Year of Publication

2022

Degree Name

Doctor of Nursing Practice

Committee Chair

Dr. Sheila Melander

Clinical Mentor

Dr. Komal Pandya

Committee Member

Dr. Candice Falls

Abstract

Purpose: Sedation protocols have been positively correlated with improved patient outcomes in the intensive care unit (ICU). Therefore, healthcare leaders should direct efforts to improving protocol compliance through evidence-based strategies. The purpose of this study was to evaluate the impact of a multifaceted intervention, consisting of educational outreach, point of care (POC) reminders, and audit and feedback (A&F), on nurse compliance with an ICU sedation protocol. A secondary data analysis was performed to evaluate the impact of the intervention on patient outcomes.

Methods: This was a before/after comparative analysis. A Research Electronic Data Capture (REDCap) pre-survey (n=58) was distributed to cardiovascular intensive care unit (CVICU) nurses (n=139) via a modified email listserv. An educational PowerPoint session via Zoom was delivered to staff during two non-mandatory unit council meetings. A modified post-survey evaluated (n=43) was distributed to nurses who completed the pre-test and attended at least one of the educational sessions. The post-survey evaluated the impact of the educational session on nursing knowledge, attitudes, and perceived barriers to protocol utilization. A series of multiple-choice questions were incorporated in the survey to evaluate nursing knowledge of evidence-based guidelines and protocol components. Attitudes were scored using an attitude-specific component of the Nurse Sedation Practices Scale (NSPS). Barriers were identified through true or false, multiple response, or open response questions. A secondary multifaceted intervention was implemented over three months to improve sedation protocol compliance and patient-related health outcomes. Sedation practices, mechanical ventilator (MV) duration, delirium, and reintubations were compared before (n=92) and after (n=82) the intervention by performing a retrospective chart review.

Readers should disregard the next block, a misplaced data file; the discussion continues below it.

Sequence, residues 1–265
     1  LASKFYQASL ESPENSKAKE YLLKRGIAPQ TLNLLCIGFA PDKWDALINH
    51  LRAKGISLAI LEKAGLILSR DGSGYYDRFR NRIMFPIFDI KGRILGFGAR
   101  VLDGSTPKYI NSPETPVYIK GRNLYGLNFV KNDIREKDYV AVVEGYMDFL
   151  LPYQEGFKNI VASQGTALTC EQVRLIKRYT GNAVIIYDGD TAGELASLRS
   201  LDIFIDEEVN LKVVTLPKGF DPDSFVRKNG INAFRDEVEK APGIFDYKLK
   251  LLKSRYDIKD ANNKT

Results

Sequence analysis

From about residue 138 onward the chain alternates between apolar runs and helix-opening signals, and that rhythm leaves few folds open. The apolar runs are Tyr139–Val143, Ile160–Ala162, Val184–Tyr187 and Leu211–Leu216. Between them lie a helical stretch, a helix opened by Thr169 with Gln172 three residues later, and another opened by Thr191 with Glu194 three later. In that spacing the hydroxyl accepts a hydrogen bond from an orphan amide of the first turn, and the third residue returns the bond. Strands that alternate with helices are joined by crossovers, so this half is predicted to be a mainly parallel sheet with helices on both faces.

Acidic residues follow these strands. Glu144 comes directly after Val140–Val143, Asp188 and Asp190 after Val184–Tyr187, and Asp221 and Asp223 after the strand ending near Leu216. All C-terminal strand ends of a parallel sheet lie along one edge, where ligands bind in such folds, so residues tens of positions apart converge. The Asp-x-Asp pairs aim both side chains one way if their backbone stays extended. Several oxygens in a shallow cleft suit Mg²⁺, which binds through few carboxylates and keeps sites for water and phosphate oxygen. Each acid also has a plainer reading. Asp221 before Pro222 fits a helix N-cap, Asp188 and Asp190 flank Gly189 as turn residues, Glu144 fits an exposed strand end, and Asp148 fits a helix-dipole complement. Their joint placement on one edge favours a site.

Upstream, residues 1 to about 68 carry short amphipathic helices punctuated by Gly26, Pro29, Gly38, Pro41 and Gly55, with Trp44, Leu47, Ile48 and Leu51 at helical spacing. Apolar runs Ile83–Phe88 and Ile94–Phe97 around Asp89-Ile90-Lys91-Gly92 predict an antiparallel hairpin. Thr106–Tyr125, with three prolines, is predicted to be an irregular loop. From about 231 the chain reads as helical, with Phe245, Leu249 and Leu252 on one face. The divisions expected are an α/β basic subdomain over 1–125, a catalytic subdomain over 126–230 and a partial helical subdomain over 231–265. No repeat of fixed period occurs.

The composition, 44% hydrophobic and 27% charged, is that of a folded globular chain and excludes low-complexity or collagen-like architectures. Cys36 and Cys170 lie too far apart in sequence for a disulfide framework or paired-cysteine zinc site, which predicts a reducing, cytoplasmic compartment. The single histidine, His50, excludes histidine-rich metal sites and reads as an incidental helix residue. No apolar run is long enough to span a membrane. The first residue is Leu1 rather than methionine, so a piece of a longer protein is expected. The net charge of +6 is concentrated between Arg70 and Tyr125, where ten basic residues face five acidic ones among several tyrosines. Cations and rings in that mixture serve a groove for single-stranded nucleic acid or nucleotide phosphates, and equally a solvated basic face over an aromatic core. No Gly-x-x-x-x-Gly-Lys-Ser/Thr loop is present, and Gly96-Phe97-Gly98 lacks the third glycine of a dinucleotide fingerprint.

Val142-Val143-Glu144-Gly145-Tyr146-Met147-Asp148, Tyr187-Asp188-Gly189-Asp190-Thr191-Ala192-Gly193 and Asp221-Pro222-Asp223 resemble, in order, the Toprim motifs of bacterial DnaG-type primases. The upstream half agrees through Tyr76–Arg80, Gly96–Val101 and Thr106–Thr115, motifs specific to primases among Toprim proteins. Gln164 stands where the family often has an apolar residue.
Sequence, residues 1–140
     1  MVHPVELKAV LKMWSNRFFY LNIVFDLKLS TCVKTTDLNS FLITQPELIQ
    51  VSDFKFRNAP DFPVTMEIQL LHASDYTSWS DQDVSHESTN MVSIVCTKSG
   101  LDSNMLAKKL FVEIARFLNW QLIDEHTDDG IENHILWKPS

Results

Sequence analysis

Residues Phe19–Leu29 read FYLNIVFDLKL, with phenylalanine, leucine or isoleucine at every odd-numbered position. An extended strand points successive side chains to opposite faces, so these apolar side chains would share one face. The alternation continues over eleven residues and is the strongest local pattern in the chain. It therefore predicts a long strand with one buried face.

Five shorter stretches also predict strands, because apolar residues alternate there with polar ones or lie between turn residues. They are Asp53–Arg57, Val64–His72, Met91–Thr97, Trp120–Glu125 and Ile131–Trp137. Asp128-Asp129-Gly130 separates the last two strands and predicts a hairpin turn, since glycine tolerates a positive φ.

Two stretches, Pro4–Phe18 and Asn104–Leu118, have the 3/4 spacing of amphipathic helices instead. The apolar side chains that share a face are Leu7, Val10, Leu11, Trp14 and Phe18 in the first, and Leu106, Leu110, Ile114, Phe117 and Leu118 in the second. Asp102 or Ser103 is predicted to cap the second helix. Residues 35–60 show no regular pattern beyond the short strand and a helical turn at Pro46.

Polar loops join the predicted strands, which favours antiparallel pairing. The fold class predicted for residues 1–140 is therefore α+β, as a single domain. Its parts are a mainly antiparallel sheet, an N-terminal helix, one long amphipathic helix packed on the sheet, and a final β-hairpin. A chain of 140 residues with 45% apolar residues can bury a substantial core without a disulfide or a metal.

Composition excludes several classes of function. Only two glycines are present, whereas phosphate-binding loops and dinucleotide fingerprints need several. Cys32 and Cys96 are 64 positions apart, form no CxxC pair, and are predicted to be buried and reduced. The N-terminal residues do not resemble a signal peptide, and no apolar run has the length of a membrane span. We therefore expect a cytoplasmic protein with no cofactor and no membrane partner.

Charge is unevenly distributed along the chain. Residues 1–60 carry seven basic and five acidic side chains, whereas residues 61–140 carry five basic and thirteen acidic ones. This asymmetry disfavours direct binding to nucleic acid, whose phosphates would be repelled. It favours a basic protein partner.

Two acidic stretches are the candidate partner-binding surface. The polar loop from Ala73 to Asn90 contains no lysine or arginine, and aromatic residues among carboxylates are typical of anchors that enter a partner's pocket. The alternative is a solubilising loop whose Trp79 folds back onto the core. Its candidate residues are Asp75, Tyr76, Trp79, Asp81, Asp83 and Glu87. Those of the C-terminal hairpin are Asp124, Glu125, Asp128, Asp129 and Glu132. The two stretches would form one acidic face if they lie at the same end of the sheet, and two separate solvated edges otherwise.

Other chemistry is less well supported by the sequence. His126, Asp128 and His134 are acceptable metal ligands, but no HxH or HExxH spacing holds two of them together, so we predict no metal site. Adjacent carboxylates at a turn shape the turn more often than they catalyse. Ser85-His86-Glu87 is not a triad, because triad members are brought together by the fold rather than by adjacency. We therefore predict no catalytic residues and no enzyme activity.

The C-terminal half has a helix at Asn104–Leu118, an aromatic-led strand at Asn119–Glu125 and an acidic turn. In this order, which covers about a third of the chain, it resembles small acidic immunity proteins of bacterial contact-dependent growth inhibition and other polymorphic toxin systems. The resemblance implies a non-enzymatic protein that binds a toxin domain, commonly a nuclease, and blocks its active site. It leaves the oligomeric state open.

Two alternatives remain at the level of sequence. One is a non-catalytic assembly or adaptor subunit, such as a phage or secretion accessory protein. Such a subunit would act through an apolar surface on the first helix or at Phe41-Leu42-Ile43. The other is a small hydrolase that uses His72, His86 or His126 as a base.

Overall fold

Results: There was a significant improvement in knowledge scores and NSPS scores post- educational intervention (p

Conclusion: This study demonstrated the positive impact of a multifaceted educational approach on nursing knowledge and attitudes regarding an evidence-based sedation protocol. Furthermore, this study suggests that a multifaceted intervention may improve quality of care by reducing MV duration. Future research should focus on applying this strategy to vulnerable populations who are susceptible to prolonged MV. Furthermore, future research should evaluate strategies to improve the feasibility of this approach.

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